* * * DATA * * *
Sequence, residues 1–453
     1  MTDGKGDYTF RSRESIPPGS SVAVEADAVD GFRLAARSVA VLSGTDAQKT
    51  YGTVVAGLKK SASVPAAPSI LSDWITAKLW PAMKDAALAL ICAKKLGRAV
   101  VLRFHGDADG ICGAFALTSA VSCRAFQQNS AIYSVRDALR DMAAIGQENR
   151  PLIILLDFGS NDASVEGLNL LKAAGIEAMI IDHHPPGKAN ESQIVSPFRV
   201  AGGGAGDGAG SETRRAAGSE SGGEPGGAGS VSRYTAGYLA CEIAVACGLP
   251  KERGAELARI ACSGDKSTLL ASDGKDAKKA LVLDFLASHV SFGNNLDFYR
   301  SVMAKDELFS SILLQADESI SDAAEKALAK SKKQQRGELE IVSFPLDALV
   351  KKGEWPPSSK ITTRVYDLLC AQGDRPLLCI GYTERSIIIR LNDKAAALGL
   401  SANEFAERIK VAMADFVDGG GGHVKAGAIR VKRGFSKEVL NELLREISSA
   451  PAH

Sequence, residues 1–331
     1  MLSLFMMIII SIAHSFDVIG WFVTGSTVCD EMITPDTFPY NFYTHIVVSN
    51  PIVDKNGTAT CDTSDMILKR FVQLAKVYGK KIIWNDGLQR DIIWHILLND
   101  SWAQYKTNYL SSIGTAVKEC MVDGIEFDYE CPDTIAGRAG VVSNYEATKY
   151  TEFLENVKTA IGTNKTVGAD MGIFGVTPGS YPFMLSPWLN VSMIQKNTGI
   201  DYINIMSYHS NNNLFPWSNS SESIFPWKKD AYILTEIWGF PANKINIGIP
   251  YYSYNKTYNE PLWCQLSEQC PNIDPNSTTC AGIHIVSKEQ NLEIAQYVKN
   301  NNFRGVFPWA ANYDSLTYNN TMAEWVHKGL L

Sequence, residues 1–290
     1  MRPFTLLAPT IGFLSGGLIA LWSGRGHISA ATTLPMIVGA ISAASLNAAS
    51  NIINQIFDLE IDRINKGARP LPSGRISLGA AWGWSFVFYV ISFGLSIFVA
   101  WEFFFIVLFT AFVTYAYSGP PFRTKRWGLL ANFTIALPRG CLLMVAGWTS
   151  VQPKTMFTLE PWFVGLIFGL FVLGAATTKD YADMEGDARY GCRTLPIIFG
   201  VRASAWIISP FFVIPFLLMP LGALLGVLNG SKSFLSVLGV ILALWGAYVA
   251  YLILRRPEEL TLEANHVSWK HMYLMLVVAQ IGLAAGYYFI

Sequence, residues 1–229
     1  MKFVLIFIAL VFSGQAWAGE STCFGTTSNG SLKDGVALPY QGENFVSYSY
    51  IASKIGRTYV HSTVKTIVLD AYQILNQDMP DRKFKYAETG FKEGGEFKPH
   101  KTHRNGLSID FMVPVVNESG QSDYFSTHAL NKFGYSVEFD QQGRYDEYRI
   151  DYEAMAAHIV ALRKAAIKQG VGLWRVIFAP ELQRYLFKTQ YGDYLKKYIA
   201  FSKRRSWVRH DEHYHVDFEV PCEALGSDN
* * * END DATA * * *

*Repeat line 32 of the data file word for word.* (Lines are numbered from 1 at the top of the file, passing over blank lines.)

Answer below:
   201  FSKRRSWVRH DEHYHVDFEV PCEALGSDN